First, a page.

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Blade #3

Comicscore Index
Generally favorable ratings

Based on 4 critic ratings.


In exchange for a weapon that can destroy the Adana, Blade must get his arms-dealing ex-girlfriend out of a bloody situation with some literal headhunters.

But no good deed goes unpunished when he finds himself under the control of her captor!

Meanwhile, the pulse of the Adana’s power ripples across the Marvel Universe – drawing a familiar friend of Blade’s into the fray.

Publication Date
Kindle Edition
Print Length
23 pages
Amazon ASIN

4 Critic Ratings & Reviews from:
  • 87

    The Super Powered Fancast

    The Story: Hill crafts a fun, frenetic and action-packed story in this issue. The story has a fantastic blend of horror and dark humor throughout and caps it all with fantastic action and adventure. The issue delivers on everything that makes Blade a great character and culminates in not only a great quest for the character with high stakes, but an awesome reveal at the end of the issue that makes me excited for the next installment.

    The Art: Casagrande and Pinti deliver fantastic art that beautifully brings to life the great action and horror in the issue.

  • 85

    Weird Science Marvel Comics

    Blade #3 continues to impress. Bryan Hill presents a Blade that’s a spiritual successor in every way to Wesley Snipes’s badass rendition, the story is getting more interesting by the minute, and the cool, slick art is not your typical Marvel fare.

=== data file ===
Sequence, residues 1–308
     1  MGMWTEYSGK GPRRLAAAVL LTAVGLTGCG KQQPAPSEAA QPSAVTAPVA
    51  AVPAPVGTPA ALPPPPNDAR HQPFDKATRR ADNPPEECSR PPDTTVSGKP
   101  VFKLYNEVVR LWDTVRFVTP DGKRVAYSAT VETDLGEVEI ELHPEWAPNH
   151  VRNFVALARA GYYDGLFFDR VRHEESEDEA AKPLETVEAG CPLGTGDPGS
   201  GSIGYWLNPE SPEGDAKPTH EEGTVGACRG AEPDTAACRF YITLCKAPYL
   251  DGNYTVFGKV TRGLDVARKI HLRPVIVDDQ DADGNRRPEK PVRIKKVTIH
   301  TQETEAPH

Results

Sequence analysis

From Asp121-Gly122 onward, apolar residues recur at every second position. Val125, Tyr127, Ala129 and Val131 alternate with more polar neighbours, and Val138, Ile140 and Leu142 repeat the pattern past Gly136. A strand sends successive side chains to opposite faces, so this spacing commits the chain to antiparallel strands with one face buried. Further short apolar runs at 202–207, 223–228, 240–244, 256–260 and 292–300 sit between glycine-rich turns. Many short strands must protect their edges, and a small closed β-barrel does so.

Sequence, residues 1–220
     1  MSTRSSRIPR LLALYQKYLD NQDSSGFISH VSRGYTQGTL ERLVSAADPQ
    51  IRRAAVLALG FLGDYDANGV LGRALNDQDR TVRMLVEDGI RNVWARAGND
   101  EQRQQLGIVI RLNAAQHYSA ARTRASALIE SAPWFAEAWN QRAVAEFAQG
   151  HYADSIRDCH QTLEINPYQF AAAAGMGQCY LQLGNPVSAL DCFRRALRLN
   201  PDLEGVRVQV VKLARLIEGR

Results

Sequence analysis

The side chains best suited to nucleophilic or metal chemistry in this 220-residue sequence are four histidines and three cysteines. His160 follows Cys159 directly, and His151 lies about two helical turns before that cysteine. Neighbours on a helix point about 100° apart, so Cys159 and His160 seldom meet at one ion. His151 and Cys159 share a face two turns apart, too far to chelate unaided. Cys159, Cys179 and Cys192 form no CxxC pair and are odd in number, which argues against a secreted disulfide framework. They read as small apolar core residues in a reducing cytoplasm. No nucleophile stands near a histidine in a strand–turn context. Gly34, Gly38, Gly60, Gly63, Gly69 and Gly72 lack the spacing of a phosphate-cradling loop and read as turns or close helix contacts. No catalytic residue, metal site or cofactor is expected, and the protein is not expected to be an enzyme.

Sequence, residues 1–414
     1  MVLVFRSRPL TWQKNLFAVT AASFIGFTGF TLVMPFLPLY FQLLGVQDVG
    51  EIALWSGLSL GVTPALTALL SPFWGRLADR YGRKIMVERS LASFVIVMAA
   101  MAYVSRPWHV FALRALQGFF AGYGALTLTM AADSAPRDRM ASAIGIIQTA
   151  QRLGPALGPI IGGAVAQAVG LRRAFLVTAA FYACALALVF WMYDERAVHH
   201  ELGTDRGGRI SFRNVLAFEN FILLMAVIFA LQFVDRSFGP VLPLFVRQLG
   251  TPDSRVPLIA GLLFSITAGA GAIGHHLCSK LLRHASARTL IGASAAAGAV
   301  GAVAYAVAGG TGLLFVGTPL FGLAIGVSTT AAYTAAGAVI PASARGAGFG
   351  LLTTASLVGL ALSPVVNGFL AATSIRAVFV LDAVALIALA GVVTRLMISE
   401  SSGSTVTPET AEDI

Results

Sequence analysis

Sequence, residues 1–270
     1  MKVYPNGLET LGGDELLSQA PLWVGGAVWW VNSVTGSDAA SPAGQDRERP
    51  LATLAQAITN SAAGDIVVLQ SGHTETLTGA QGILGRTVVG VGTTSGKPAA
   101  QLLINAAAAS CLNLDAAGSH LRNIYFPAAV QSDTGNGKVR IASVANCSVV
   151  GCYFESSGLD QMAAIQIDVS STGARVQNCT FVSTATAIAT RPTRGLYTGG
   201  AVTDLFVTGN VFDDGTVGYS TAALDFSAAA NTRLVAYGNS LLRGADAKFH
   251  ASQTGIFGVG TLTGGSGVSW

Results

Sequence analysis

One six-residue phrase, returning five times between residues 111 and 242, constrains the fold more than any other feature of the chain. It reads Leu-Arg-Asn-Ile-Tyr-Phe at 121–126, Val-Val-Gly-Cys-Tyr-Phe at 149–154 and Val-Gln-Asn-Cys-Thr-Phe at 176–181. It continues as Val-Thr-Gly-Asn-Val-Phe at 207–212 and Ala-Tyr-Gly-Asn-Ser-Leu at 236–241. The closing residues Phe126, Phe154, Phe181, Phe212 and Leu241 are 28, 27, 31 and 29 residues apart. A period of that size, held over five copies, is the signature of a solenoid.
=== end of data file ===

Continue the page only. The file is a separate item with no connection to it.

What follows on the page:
• 80


    A lot of this issue focused on detailing the weapon that Blade and Rotha need to bring down the demonic Adana, and that included some great celestial backstory into the Marvel Universe. And, sure, explainers can sometimes be a drag, but this book never forgets to give us some action-y goodness to balance all of that world-building. The art team — Elena Casagrande, Roberto Poggi, KJ Diaz, and Valentina Pinti — have forged a solid visual look for this book, and it’s something that balances old martial arts flicks and even the 2000s Constantine film in a way that’s compelling and married to some really essential storytelling traditions. They make exploding bad guys, burning monks, and a table impaled with arrows feel wholly stylized without ever pulling away from what this book ultimately is about: relationships.

  • 70

    Blade maintains a consistent tone in its third outing with a sharp sense of humor, bloody, horror-infused action sequences, and an epic Marvel Comics framing. However, issue #3 also functions primarily as an expository release with Blade only appearing in a single extended, dinner-time sequence. The opening pages are the most invigorating featuring a clear look at the new villain The Adana and their genuinely unsettling response to a set of aspiring magical heroes. What follows lays the groundwork for how Blade and his new companions will address this powerful threat and the work required to reach that goal. It invokes some big names and builds anticipation for what’s to come, but reads as being light with very brief action beats and little space to develop much beyond the story’s plot. The splash panels involved deliver that action in excellent form and maintain an immersive sensibility as Blade engages in globetrotting. Even the most workmanlike qualities often attached to serialized superhero comics are well delivered in Blade and set a very high floor for the series as it continues.

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